“Writing is its own country”: An Interview With Mark Haber

Author: | Posted in Interviews No comments

profile of Mark Haber at restaurant or coffee shop

Mark Haber is perhaps one of the most influential yet low-key of tastemakers in the book world. What Haber reads, people buy (myself included), because you know that when Haber recommends it, it is the real deal. And months ahead of the curve at that, a sneak peek into what book blogs and creators of book prize long lists and occasionally major book critics themselves have yet to discover. Mostly, the books Haber reads are incredible, ground-breaking works of literature in translation—often works from Latin America—which has made him known among the most prestigious circles of Latin American literature. For many people in the English speaking world, before they had ever read writers like César AiraGuadalupe NettelDaniel Saldaña Paris, or Rodrigo Hasbún they’d probably heard of them through Haber first.

His literary criticism can be found in places like the Rumpus, Music & Literature, LitHub, and the Quarterly Conversation among other outlets. From 2016 to 2018, he was a judge for the Best Translated Book Award. His short story collection, Melville’s Beard/Las Barbas de Melville (Editorial Argonáutica)was translated into Spanish and published in Mexico in 2016. His debut novel, Reinhardt’s Garden, is forthcoming from Coffee House Press in 2019. I talk with him here about contemporary absurdism, literary influences, and the most terrifying thing he’s ever written.

Daniel Peña: Most of what I love about Melville’s Beard is that you’re able to explore radical truths about people and society that, once exposed, are incredibly hilarious but then, upon further inspection, are also kind of terrifying in their uncanniness to the contemporary era. These are stories, but they almost read like warnings. How do you see absurdism resonating with the contemporary era?

Mark Haber:What’s essentially great (and sad) about humanity is that we don’t really evolve. We like to think that we do, but we’re basically the same creatures we were thousands of years ago, with a few more toys perhaps, but essentially the same. Not discounting the advances we’ve made in medicine and science and the miraculous things we’ve achieved, but from the vantage of an absurdist or satirist, humans are remarkably easy to poke fun at. I recently read The World Of Yesterday by Stefan Zweig (which is incredibly sad but also beautiful and informative) and anyone will see we’re in the same place most of Europe was in the 1930s. As a species, I see no proof we improve.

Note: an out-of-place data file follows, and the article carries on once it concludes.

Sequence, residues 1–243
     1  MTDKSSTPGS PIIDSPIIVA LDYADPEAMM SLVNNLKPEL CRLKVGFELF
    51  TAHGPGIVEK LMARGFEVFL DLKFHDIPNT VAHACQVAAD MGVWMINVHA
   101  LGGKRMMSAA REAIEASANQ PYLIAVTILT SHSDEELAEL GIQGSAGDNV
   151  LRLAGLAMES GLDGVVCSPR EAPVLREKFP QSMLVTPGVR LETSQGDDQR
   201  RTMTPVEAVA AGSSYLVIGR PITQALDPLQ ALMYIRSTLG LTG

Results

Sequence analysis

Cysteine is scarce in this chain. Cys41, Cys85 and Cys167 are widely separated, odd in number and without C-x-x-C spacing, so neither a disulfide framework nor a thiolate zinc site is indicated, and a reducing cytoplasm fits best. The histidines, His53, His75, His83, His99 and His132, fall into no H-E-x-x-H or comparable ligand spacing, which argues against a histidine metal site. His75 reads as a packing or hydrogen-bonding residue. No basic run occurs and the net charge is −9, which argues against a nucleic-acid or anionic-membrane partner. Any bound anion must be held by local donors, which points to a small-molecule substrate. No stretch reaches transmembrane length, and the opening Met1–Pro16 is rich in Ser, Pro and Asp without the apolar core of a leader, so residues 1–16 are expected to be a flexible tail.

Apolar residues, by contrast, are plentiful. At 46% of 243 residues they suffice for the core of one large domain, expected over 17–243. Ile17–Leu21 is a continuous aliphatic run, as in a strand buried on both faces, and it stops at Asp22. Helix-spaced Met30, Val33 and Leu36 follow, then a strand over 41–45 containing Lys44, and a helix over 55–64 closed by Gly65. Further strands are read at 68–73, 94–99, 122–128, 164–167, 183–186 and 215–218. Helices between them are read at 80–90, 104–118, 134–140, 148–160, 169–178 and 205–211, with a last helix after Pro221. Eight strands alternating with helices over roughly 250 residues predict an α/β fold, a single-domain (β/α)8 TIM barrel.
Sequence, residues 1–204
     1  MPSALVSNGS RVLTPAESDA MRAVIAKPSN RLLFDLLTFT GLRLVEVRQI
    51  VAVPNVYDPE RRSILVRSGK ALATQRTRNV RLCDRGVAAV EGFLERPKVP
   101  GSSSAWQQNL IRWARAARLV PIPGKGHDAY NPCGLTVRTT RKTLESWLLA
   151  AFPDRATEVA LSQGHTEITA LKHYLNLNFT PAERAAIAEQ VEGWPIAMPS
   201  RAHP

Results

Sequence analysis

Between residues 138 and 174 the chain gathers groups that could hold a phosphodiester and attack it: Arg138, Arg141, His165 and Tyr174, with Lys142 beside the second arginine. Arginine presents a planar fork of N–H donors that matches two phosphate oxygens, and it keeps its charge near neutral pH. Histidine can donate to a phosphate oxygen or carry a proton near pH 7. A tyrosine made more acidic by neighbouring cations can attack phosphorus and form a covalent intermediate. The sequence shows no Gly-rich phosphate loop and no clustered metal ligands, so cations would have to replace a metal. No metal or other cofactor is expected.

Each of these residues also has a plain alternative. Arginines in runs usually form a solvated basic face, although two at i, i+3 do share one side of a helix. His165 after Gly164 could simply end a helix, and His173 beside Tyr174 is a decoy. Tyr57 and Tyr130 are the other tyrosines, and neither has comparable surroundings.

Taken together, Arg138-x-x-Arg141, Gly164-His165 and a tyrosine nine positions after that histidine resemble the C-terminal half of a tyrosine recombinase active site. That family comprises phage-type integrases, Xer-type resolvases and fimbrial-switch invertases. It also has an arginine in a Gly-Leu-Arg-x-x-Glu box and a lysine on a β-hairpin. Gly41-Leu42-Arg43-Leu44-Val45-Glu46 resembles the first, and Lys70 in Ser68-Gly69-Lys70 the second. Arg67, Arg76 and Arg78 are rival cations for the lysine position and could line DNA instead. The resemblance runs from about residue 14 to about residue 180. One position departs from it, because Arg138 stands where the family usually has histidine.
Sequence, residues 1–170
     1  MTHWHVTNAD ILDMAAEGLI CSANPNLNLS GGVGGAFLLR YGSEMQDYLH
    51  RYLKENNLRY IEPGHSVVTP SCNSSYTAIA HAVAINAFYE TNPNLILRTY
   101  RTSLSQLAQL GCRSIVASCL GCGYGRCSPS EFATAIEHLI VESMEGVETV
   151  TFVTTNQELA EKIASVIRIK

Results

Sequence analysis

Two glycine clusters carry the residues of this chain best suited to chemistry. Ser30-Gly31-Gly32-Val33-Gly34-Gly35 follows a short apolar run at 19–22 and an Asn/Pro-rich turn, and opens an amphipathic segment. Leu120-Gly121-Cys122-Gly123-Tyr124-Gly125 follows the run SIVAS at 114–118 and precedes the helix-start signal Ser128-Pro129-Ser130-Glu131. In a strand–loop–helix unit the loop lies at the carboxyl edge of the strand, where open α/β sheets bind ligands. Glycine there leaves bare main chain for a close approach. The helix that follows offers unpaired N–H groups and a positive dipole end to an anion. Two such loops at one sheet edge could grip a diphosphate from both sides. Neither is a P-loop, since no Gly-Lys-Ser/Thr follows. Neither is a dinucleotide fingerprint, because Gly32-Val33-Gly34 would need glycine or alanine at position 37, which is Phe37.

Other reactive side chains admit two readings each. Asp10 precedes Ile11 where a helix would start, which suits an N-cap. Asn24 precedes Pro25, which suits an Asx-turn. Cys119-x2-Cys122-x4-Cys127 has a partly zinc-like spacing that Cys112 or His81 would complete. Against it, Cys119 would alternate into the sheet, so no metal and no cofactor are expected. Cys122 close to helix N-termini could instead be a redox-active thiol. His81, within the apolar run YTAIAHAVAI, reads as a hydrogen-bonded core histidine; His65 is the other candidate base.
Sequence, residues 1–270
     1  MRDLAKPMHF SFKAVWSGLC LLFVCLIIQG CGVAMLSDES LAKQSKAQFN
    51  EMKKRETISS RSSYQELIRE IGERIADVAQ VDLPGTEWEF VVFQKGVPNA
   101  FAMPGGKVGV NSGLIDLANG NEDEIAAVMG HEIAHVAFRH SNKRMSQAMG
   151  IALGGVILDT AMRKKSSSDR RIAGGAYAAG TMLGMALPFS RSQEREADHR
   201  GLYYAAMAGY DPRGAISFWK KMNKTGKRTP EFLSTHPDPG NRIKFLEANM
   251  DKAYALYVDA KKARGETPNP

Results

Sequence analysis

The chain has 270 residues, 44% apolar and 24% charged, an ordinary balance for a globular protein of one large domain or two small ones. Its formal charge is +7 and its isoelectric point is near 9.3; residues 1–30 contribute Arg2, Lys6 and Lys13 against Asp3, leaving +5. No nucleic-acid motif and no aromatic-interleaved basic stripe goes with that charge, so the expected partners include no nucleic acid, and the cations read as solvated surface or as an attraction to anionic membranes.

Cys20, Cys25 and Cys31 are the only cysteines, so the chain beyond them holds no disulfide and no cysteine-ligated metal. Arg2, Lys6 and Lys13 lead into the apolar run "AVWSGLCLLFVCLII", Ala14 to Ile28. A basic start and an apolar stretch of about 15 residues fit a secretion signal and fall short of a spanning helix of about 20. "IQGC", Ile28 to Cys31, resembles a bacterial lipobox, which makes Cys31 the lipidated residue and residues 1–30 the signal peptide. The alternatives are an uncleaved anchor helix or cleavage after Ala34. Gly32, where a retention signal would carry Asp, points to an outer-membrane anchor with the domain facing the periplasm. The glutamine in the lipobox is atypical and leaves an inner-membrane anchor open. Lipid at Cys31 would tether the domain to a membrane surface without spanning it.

To be honest though, absurdism or satire is not what I’m always going for. I’m not a premeditated or contrived writer. “Contrived” has a bad ring to it, but all I mean is I simply try to tell a story and my mind or imagination takes over the driver’s seat. I don’t ever say to myself, I have these opinions about these things or I’d like to make a statement on this characteristic we all have. I never do that. It’s much more organic. The story will dictate what I want to say, not the other way around.

DP: Your writing in Melville’s Beard has been compared to Franz Kafka, César Aira, Italo Calvino, and Jorge Luis Borges among other very cerebral and talented greats of world literature. How do you feel about these comparisons, especially as a writer rooted in the American experience? And which writers do you feel are actually your strongest influences?

MH:I love the writers you mentioned and they’re some of my favorites. I forget which writer said it but he/she basically said that writing is its own country. If you put a plumber from Italy and a plumber from Australia in a room they’ll have a lot more in common than if you simply took two people from Australia and put them in a room. I am rooted in the American experience because it’s all I know, but I feel a stronger kinship to Javier Marías, for instance, or Mercè Rodoreda than a person who grew up in the same city as me. I really believe in the kinship of writers. So my influences are much more international.

It’s not that I don’t love and admire Flannery O’Connor or Raymond Carver or Joy Williams and so many others, but the American landscape doesn’t spark my imagination. I wish it did! But nothing about it triggers anything in me. I don’t think it’s a failing in my surroundings either, but a failing in me. Consequently, writers like Aira or [László] Krasznahorkai speak to me and [so do], by extension, their translators (translators are like magicians; they’re the keyholders, and I’m thrilled they’re beginning to get the attention they deserve).